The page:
Conservative Woman readers

In response to Kathy Gyngell: How the Left have stolen the foundations of life from children, Kola said:

I hear what you are saying. But from the moment I gave up work to care for my daughter, I have had judgement passed on me. I’m not a role model to my child; I don’t have a purpose; what do I do all day? and so on. Yet my child is happy, healthy, well-behaved and well-mannered. And sending her off to full-time school, I know I have done my best to help get her there.
I have felt nothing but pressure to go back into paid work, that my ‘work’ at home looking after my family is meaningless and without reward.


  1. I saw a very good point by Peter Hitchens that says there has been an unholy alliance between feminists and corporations so that women are pressured to become yet another form of income for Big Business. This current monstrous incarnation of the Left actually has a very cosy relationship with Big Business which makes one think, well, what actually is the Left these days?

    • The housing market was skewed when the financial “services” industry was able to expect two salaries to fund a mortgage. The natural symbiosis of men and women which has endured for centuries has been vandalised by grievance-ridden ideologues to become an unnatural construct bringing many negative consequences to society.

      • But was it not inevitable? Once housework was shortened and simplified by the invention and mass production of labour-saving devices around the home, which was also always going to happen eventually, nobody could expect women to be satisfied by staying at home with “idle” time on their hands. The two world wars also gave women a taste of paid work; they no doubt did not enjoy the work so much, but they would certainly have relished the pay packets that invited a degree of independence from men. That was the start of the two-salaries concept, and it soon gathered pace. I don’t really see how the following rocketing of house prices, thereby enforcing the requirement for two salaries to pay for them, could have been avoided.

        • Was it inevitable? Probably. But there was/is a lot more to that symbiosis than just housework. And, regardless of natural progression and free choices of women, in recent years the government-corporate partnership has worked tirelessly to coerce conformity to the idea that everyone should work, that fulfilment for men and women is no different and that “growth” is the be all of everything.

        • There’s a chicken and egg question in your comment. Did house prices rise because of two earner families, or did two earner families cause the rise in house price, or perhaps both. I don’t know the answer and suspect it is different in different areas.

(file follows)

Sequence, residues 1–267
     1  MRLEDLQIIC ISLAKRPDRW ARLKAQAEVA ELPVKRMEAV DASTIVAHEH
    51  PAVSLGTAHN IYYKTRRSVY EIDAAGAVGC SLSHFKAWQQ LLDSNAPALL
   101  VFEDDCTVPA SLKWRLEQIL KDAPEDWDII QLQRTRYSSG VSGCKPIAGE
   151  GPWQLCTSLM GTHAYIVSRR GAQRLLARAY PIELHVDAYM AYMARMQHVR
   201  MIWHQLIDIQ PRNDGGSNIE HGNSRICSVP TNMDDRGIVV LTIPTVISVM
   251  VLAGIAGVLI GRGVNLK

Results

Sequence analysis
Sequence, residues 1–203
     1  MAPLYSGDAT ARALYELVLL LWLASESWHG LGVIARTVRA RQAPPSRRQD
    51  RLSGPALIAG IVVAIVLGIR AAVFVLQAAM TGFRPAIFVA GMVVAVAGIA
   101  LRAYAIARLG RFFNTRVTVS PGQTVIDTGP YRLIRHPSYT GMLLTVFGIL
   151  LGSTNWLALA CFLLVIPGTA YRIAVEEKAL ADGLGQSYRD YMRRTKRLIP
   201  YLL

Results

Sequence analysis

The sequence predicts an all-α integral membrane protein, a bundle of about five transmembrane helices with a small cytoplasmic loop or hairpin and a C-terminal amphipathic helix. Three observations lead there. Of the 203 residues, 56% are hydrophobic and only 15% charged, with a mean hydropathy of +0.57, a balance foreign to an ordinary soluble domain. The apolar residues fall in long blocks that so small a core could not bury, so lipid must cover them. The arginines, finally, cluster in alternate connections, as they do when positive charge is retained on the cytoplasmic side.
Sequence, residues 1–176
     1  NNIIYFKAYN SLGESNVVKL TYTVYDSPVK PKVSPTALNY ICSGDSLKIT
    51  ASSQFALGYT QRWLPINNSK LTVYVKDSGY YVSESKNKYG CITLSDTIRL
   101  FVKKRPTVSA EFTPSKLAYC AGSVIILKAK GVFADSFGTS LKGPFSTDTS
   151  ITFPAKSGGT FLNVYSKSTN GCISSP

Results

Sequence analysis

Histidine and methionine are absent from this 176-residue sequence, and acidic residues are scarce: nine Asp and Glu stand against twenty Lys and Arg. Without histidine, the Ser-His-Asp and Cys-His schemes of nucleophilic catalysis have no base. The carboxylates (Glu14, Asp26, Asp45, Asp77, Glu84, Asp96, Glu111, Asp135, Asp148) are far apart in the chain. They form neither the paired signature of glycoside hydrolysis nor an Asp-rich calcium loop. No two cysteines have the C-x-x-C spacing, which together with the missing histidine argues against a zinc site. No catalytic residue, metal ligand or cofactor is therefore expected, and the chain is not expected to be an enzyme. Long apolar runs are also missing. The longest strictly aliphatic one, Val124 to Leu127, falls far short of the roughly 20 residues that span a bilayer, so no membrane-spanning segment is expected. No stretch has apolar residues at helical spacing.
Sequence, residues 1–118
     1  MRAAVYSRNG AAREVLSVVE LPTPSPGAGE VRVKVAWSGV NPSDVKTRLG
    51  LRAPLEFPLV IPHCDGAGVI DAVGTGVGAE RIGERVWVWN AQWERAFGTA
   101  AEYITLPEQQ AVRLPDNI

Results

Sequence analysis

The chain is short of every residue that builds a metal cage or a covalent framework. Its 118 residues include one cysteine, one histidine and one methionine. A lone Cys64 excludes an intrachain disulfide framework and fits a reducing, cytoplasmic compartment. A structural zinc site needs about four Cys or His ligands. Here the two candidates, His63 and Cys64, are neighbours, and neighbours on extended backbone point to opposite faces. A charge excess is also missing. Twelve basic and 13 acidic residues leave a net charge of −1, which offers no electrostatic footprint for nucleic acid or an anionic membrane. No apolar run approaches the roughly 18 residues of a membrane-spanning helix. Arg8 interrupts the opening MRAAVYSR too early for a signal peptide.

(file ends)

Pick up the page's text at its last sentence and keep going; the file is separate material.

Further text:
• The modern feminists trumpet the tune of social justice but are in truth vulture capitalists. Abandoning the moral conscience of their ancestors, they began promoting prostitution and other degrading professions that cast women as products for male consumption under the terrible lie that this could be turned around as “empowering” and the blubbery phrase, “sex positive”. Of course, the facts would indicate anything but in an industry where women are predominantly bought by men. So the same goes for driving women into the workforce, rather than letting women, who have always preferred a more egalitarian balance between work and family life, decide for themselves.

  2. The decision to stay at home and raise children is a matter of personal choice. I thought the Left supported personal choice– or is that only when one wishes to behave irresponsibly and indulge in self-gratification? Personally, I have been a working woman since 18 and would be loath to give it up. I also think two-earner families are more economically sustainable; there is a lot of work that women at home can do. That’s why so many women elect to either work from home or start a business. I would personally prefer that. But again, it is a matter of choice. Family is one of the most important structures in society and the destruction of it is a disgrace.

    • I don’t think they really do support personal choice. Our choices according to them are strictly table d’hote. (NB, moderator, that is not a rude word.)

  3. My sisters and myself grew up in a very traditional division of labour household through the 60’s and 70’s with a working dad and stay at home mum. Despite this (and because we had wonderful enlightened parents) we never felt that their parenting / work choices had to be our own. Having said that my three sisters all chose (and had the opportunity) to be predominantly stay at home mums. The only one to buck the trend was me – I became a stay at home dad. I’ve loved every minute of it.

Comments are closed.